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Decision on potential liability of free Wi-Fi providers

Chris Eastham and Marina Khawaja comment on the CJEU's recent judgment on an issue that has kept many free Wi-Fi network providers and digital rights campaigners in eager anticipation...

On 15th September, the Court of Justice of the European Union (CJEU) gave its judgment on an issue that has kept many free Wi-Fi network providers and digital rights campaigners in eager anticipation. The question for the court was whether providers of open Wi-Fi access are liable for copyright infringement by users of their free services. More specifically, the case was to decide whether technology giant Sony was entitled to compensation from a shop owner, Tobias McFadden, whose open Wi-Fi hotspot was used to download music illegally.

The answer was, to McFadden's relief, no. Open Wi-Fi operators will not be liable for infringement by users of their networks, subject to certain conditions. However the ruling left the door open for copyright owners to seek injunctions requiring Wi-Fi providers to password protect the connection, and obtain information regarding the identity of its users.The ruling did not address the implications of mandatory provision of a user's identity from a data privacy perspective.


Tobias McFadden was the owner of a lighting shop in Munich who offered free access to the internet via an open Wi-Fi hotspot for his customers. In 2010, the connection was used for the illegal upload of copyrighted music of which Sony was the rights holder. Sony sought an injunction, and brought a damages claim against McFadden. The injunction was initially granted, and McFadden was ordered to pay damages. On appeal to the CJEU, it was argued that Article 12(1) of the e-Commerce Directive would shield him from liability for third party infringements. The Article provides that where an Information Society Service provider merely transmits information for a user of the service, or provides access to a communications network, it cannot be held liable for the information that is transmitted. This is known as the 'mere conduit' defence.


For McFadden to benefit from the 'mere conduit' defence, he would need to have provided a Wi-Fi service which was normally for remuneration for it to fall within the definition of Information Society Service. The CJEU reasoned that, although the network was provided for free, it should be considered part of the shop's economic activity because it was offered for the purpose of attracting potential customers. This meant that the Wi-Fi service was considered to be provided for remuneration and, therefore, constituted an Information Society Service under the Directive.

A provider of an Information Society Service will only be protectedwhere it meets three conditions: it did not initiate the transmission; it did not select the recipient of the transaction; and it did not select or modify the information contained in the transaction.

The court ruled in McFadden's favour meaning that Sony was unable to recover damages or its costs associated with the claim. In the light of its ruling, the CJEU considered the best way of protecting the rights of copyright holders. Monitoring all information which is transmitted via a connection is not permissible (and would be extremely burdensome); and being forced to terminate a connection was considered much too restrictive on the freedom to conduct business. The CJEU therefore determined that the best means of balancing the competing rights of copyright holders, the freedom to conduct business, and the right to freedom of information of the users of Wi-Fi, was to permit copyright holders to apply for an injunction requiring a Wi-Fi provider to secure access to the connection using a password.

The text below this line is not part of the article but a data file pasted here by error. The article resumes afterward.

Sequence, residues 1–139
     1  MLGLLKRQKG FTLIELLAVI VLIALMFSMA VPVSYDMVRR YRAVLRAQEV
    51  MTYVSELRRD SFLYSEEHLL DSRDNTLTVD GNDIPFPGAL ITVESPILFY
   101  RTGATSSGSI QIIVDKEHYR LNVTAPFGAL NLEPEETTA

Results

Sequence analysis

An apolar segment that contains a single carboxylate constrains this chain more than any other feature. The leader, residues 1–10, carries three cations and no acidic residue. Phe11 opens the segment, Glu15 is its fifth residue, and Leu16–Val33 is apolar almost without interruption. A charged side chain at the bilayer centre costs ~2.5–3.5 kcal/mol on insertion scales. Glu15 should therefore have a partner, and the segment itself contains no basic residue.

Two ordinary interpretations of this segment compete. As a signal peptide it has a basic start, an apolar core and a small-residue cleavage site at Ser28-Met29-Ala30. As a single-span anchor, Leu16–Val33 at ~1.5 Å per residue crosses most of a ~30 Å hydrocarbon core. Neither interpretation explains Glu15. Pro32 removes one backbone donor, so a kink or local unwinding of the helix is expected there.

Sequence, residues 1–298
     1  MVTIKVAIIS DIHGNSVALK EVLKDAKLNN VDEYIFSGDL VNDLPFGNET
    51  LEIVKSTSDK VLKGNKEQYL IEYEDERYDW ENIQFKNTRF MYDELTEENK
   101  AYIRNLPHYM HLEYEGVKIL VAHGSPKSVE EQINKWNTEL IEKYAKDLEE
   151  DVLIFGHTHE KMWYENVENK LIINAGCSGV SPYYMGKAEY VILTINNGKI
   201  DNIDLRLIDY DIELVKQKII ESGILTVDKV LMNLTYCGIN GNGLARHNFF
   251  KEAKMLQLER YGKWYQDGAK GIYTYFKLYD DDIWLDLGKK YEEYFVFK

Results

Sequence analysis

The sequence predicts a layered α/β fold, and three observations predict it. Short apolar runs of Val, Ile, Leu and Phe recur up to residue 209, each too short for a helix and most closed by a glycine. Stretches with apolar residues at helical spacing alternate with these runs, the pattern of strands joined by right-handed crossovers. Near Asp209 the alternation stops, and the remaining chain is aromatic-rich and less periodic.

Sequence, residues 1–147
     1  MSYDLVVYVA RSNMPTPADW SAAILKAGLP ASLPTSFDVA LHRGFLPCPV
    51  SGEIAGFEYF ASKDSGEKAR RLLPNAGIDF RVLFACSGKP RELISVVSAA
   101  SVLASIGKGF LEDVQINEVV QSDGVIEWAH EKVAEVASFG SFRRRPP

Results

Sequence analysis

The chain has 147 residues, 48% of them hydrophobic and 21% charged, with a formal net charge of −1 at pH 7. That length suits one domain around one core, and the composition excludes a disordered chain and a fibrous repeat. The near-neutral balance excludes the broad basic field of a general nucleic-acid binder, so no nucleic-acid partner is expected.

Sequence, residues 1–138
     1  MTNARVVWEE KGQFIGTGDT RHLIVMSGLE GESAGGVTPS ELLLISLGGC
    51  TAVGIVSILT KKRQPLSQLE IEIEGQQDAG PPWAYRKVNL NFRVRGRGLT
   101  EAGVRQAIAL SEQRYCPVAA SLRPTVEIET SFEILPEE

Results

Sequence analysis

It suggested that an injunction could require that the password is only given to people who reveal their identity. The court's intent being that it would be adeterrent to potential infringers of copyright by making it more difficult to act anonymously, and making it easier for any infringements to be traced back to anidentifiable user. It was left open for national courts to decide the precise nature of any such injunctive relief, including who will bear the costs of implementing any such injunction.


The ruling means that small businesses and coffee shops offering free Wi-Fi are capable of being protected by the 'mere conduit' defence under the e-Commerce Directive. However, there remain questions as to how a Wi-Fi provider will be able to get the true identity of its users. Less scrupulous users could quite easily submit false details, making the requirement to obtain identity information redundant unless the ID checks are more thorough – and intrusive. There are potential issues with the practicalities of obtaining personal information, and Wi-Fi operators will need to consider how they comply with legal requirements pertaining to data privacy.

Many will recall the recent announcement by Jean-Claude Juncker, the President of the European Union's executive body, that the European Commission wants to see more free Wi-Fi in public spaces across member states within the next four years (the Wifi4EU plan). It remains to be seen what the implications of the ruling might be on the implementation of that plan.

by Chris Eastham and Marina Khawaja.

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